"Courage is the ability to move;
when all around you are frozen in fear
and no one would blame you if you did nothing at all."
Capt. Click. Phx. PD
My Name is Chuck Gray
Taken from the book Think
About it... for your reading convenience
When I was a young boy, I was afraid of the dark. I lived on the outskirts of a
town, away from the
city lights. It was very dark outside our house at night. I was the oldest of
the children and only about
six or eight years of age. It was my job to take out the trash each night. These
were large trash barrels
that were on the darkest side of our house just beyond several large trees. I
had to pass by an old
large fig tree that seemed to reach out for me with long gnarled arms each time
I took out the trash.
I always felt as if someone was lurking out there to grab me.
My mother always taught me that if I was obeying the commandments of God,
nothing would hurt
me. She said that God would protect me and God was all powerful and could do all
things. I took
great comfort in that counsel and each time that I took out the trash, I would
review my life to see
if I were still worthy of God’s protection. Satisfied in my own mind that I was
worthy, I would set
my jaw and bravely take the trash out, trusting in God to protect me from
dangers, which at the time,
seemed very real to me.
That experience has never been forgotten. It has helped me assess my life over
and over again to see
if I was in good standing with God so that I would be worthy of His protection.
I have always felt
in my heart that if I was doing what is right in the sight of God that He would
protect me from all
physical harm and danger.
When I became a police officer, I relied on that belief even more. I knew the
accompanied the job were real now as opposed to the imagined dangers of my
trust could very easily cost me my life. It was also clear that I must do all
that I could to be safe by
learning good safety habits associated with the job.
I found that besides providing protection to myself, I was able to be the
of divine intervention in the lives of others as well.
One such incident while I was a Field Training Officer in patrol. My Officer in
Training was Cheri.
She was driving the patrol car and handling all radio traffic assigned to us. A
call came up on the
patrol car computer screen of which I was unaware. Cheri asked me if I had
manually pulled up the
call and I told her that I had not. I then looked at the call and noticed that
the call was not in our beat
and had been assigned by dispatch to two other officers. There was no apparent
need for us to
respond. I checked with dispatch to see if the dispatcher had sent us the call.
She indicated that she
had not sent it to us but that the primary officer was 3358.
I looked at the call and read the comments on the case. The reporting party’s
name was listed as
“Pam” which I recognized right away. Pam had two sons, both of whom I had dealt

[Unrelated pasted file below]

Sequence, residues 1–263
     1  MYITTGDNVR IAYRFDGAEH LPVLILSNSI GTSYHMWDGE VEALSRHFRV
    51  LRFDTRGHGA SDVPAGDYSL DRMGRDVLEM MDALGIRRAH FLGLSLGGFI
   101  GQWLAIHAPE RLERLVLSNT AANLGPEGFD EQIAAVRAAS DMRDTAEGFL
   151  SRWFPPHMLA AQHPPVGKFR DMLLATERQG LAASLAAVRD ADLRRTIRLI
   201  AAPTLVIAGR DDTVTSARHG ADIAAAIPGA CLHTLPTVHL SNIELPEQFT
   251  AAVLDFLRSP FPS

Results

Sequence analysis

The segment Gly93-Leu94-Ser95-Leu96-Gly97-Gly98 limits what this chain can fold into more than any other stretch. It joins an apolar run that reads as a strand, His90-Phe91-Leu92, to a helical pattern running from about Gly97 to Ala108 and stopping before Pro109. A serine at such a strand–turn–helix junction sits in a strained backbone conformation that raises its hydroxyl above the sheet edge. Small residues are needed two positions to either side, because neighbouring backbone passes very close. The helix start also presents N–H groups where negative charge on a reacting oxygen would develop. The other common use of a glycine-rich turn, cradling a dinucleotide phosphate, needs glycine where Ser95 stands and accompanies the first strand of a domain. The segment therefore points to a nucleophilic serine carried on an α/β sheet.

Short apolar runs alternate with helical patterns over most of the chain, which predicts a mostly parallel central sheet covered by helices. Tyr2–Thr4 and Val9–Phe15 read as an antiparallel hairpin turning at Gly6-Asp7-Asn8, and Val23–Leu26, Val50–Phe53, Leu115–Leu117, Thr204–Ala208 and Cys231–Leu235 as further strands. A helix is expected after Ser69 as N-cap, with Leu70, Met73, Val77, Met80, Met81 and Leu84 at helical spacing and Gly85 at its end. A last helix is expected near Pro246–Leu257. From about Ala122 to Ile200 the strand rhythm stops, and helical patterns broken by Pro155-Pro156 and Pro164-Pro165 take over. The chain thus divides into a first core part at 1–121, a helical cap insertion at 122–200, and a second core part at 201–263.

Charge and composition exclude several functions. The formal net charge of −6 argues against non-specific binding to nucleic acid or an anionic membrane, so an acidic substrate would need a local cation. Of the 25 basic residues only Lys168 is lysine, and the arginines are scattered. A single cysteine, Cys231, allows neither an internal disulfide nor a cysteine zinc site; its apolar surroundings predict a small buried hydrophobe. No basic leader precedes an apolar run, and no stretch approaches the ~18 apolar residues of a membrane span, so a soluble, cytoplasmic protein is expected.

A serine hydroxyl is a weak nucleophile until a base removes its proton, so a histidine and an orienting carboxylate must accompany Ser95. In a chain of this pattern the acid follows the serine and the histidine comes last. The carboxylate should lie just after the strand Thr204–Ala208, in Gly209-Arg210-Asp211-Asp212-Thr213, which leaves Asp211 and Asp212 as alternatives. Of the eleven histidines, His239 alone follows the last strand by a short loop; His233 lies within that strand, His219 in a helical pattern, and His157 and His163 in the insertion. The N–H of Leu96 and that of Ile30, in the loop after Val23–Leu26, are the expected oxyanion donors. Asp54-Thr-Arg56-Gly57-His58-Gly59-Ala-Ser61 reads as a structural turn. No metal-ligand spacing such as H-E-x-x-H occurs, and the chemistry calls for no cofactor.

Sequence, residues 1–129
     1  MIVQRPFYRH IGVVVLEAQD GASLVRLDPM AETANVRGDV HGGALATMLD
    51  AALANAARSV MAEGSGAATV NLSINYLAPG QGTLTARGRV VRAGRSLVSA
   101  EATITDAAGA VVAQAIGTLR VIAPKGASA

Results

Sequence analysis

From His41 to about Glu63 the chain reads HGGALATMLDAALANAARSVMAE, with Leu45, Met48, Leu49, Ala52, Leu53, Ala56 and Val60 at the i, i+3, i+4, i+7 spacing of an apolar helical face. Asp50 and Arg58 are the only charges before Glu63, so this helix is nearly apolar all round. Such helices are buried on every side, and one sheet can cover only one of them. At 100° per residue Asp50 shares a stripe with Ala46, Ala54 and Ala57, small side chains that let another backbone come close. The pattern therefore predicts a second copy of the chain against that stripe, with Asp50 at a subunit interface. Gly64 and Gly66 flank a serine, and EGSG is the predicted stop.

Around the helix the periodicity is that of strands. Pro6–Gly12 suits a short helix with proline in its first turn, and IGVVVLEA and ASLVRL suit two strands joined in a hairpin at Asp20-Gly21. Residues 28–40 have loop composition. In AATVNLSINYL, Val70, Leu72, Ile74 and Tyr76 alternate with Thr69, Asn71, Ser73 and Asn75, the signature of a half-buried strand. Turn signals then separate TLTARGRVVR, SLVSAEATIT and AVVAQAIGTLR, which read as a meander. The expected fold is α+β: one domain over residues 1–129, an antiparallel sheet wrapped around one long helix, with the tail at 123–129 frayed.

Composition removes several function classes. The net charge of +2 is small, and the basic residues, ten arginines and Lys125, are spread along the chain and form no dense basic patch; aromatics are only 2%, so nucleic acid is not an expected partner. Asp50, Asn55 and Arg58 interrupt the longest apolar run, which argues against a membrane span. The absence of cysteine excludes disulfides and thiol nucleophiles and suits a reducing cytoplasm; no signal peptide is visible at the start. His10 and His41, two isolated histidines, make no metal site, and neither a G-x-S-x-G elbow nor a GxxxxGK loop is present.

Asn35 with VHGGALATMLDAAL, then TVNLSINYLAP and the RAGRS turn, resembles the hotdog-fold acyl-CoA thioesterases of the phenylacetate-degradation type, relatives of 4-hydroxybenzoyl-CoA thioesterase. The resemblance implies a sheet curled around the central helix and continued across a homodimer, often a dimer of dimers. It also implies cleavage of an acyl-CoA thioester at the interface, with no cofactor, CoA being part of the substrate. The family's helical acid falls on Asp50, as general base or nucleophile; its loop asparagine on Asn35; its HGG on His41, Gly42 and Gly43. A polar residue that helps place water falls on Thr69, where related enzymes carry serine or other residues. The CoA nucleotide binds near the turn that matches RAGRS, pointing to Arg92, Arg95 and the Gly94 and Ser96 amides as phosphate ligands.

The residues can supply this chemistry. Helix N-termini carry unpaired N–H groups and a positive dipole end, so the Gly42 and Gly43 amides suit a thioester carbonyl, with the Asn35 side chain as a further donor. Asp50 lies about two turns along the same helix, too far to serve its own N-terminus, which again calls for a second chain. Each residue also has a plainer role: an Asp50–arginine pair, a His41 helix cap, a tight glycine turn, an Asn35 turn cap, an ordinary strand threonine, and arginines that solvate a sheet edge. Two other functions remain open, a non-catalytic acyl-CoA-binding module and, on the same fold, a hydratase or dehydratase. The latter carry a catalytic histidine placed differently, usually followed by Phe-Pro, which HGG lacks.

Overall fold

times previously. These had all been positive encounters. I had even accompanied
her older son to
a school function in which he was to receive an award. I noticed also that the
call indicated that it was
this son that had tried to commit suicide on that evening. We had no calls
pending and so I advised
radio that we would be responding to the call.
The call came over the air as a 420 (family fight) in my beat. Sometimes
officers respond to two or
three family fight calls a night. I was handling another call and so radio
assigned this one to another
unit. However, I felt I should break and take this call. I picked up the mic and
told radio that I would
break and take that call and to assign me as the primary unit. When the call
came over my screen it
showed me 3358 as primary. It showed Bon, 3355 as my back up. When I pulled up
on the scene I
noticed that Bon had already arrived and that a third unit was coming around the
corner. It was
Chuck, 3153. I looked back at my computer to see if I had missed something. I
looked to see if radio
had assigned three units to this call but she hadn’t. Chuck was a north side
car. Bon and I were south
side cars and this was a south side call. I later asked Chuck why he showed up
on my call and he said,
“Sam, it just popped up on my screen. I asked the dispatcher if she had sent me
this last 420 out east
but she replied, ‘Negative. The call had gone to 3358 and 3355.” The comments on
the call were that
it was fairly violent. The mother and son had been fighting, the son had taken a
knife and slashed his
wrist and now the mother, son and neighbors were fighting.
When all four of us walked up, it was pretty hectic. We took control of the
scene and began moving
non-involved people out. Bon went with the fire department to attend to the
injured son and Cheri
went and talked to the neighbors. Sam and I went and talked with Pam. She did
not recognize me at
first, except as just one of several officers in blue uniforms passing through
the house. Her younger
son, who had seen me outside, came into the room and said, “Mom. Officer Gray is
She immediately looked up and upon recognizing me, lost control of her emotions.
She began to sob
uncontrollably and hugged me for quite awhile as firefighters, paramedics and